Friday, 21 January 2011

Malaria kills 118 Cambodians in 2010, down 75%

via CAAI

PHNOM PENH, Jan. 20 (Xinhua) -- Cambodia has seen a sharp decline in the deaths from malaria last year thanks to joint- efforts from all relevant stakeholders, Duong Socheat, director of the National Malaria Center, said Thursday.

There had been about 60,000 infection cases of the disease reported last year, down 25 percent from 80,000 cases in 2009, he told Xinhua by phone on Thursday. Of the cases in 2010, 118 Cambodian people were killed, 75 percent down from 207 in 2009, he said.

"It's a sharp drop in the deaths last year, it is attributed to our joint-efforts to combat the disease through education, mosquito net distributions and treatment," he said.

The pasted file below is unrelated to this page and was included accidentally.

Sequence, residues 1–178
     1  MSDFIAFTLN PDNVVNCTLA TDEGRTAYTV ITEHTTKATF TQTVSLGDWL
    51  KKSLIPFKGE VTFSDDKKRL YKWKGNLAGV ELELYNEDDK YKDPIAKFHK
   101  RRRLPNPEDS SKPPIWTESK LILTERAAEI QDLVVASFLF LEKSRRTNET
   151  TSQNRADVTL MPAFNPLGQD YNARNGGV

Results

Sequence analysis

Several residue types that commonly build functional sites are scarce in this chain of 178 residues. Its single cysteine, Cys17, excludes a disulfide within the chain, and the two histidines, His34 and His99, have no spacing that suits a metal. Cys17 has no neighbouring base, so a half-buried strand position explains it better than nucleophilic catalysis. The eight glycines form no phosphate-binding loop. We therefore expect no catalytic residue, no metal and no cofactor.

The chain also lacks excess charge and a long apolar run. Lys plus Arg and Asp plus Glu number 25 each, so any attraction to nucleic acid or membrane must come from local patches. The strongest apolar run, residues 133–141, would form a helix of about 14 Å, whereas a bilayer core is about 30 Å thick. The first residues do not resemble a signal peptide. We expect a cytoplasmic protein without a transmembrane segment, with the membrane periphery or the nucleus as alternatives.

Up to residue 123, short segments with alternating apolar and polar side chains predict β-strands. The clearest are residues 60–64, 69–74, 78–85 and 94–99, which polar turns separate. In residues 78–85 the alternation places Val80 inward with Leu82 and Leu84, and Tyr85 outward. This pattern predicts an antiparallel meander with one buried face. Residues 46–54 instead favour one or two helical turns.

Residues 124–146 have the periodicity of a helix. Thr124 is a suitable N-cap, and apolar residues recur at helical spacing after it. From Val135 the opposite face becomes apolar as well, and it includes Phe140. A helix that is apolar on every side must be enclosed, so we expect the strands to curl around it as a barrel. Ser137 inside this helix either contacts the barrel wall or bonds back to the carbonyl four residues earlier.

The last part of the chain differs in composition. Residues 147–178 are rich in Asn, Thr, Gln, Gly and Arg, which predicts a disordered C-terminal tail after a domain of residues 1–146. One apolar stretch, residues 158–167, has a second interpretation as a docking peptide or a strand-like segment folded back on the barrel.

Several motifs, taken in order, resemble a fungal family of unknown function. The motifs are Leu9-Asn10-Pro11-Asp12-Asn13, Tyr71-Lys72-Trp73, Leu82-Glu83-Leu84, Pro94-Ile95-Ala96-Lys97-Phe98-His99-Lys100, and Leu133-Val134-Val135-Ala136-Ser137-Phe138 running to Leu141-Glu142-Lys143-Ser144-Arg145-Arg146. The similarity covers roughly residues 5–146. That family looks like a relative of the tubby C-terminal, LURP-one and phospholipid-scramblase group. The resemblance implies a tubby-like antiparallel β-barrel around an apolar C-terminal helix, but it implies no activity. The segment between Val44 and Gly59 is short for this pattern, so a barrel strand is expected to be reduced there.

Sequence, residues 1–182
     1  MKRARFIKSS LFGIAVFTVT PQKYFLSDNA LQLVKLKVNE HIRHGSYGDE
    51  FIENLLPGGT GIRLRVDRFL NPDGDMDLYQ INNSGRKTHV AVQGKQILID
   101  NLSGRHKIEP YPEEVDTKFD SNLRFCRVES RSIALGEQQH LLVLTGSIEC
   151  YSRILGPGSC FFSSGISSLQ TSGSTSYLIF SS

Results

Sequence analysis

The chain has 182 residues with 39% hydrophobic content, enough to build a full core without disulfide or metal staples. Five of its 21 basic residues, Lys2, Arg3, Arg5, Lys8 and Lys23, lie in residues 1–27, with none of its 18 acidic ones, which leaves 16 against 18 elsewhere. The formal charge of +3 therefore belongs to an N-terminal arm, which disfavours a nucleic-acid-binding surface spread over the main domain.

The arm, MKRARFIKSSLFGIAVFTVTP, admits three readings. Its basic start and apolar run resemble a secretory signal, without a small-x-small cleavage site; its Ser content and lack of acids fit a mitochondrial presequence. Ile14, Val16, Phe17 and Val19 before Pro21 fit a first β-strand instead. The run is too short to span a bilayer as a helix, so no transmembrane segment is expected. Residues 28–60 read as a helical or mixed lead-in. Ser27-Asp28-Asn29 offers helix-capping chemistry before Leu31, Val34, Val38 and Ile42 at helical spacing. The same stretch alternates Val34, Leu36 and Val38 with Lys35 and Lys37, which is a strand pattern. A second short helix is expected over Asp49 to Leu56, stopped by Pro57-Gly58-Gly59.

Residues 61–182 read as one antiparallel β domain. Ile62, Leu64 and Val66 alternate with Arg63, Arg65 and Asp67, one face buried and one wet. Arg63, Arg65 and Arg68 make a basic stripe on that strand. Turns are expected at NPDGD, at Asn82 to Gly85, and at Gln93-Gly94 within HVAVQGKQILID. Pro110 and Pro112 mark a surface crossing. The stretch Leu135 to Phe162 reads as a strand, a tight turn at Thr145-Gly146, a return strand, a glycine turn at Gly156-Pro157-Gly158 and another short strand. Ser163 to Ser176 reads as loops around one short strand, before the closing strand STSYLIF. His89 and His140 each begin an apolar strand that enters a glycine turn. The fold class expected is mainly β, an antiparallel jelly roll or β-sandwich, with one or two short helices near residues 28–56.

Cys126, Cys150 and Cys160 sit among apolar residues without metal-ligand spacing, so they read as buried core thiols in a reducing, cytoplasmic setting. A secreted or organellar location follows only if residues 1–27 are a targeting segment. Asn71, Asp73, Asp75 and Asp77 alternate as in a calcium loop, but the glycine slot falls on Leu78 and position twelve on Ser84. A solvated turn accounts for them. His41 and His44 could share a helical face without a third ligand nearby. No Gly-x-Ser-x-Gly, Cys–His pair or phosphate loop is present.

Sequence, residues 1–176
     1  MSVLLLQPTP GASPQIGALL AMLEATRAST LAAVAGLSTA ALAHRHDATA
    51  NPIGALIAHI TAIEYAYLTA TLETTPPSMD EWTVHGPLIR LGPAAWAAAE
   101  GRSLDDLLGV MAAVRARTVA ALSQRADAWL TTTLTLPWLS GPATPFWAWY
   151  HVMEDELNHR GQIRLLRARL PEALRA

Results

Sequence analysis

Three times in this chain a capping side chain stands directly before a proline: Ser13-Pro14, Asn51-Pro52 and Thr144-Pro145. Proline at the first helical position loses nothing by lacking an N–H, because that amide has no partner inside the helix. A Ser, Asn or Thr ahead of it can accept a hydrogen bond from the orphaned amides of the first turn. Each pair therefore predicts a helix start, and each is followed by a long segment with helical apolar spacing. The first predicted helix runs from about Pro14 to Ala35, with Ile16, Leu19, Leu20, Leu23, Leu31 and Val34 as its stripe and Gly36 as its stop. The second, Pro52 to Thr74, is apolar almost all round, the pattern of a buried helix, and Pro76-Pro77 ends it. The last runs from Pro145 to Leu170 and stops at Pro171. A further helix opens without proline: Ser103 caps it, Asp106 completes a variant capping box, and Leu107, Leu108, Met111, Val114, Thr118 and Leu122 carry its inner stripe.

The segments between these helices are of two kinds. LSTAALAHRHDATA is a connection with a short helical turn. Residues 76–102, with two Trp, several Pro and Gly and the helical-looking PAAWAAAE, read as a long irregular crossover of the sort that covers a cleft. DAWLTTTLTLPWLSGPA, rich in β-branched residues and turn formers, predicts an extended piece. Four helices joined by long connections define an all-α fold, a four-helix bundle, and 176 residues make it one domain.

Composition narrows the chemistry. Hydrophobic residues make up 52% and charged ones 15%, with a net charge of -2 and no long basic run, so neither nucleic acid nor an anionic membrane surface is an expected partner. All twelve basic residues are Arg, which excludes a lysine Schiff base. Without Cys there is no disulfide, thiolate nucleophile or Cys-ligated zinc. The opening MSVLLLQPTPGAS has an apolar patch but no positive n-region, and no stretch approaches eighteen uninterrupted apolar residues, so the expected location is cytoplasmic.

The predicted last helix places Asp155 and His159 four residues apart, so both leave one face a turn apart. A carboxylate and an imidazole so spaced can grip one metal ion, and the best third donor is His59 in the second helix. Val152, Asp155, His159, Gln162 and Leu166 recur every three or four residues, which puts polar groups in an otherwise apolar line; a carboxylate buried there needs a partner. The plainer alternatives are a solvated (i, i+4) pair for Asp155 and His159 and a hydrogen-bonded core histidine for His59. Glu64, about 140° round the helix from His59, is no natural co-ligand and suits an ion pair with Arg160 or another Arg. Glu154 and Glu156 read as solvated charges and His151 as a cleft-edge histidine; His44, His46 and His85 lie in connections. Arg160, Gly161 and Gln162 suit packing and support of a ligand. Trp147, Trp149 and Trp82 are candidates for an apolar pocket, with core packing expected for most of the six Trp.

Malaria is a mosquito-borne infectious disease. In Cambodia, the disease is often found in rainy season and mostly happens in border provinces, forest and mountainous provinces such as Pailin, Banteay Meanchy, Udor Meanchey, Stung Treng, Ratanakiri, Mondulkiri, and Kratie.

Cambodian Prime Minister Hun Sen on Thursday advised the Ministry of Health to do the campaigns to eliminate malaria by 2015 or 2020.

"We had already eliminated polio in 2002, now it's time to discuss and set the deadline to eliminate malaria to zero percent," he said during the inauguration of a hospital in Kampong Cham province.

According to Cambodia's Millennium Development Goal, the country sets to alleviate the malaria fatalities to 0.1 percent by 2015, said Duong Socheat.

"Thus, Cambodia could eliminate malaria by 2020 at the latest if all relevant ministries and stakeholders join forces to eliminate it," he said.

Editor: Xiong Tong

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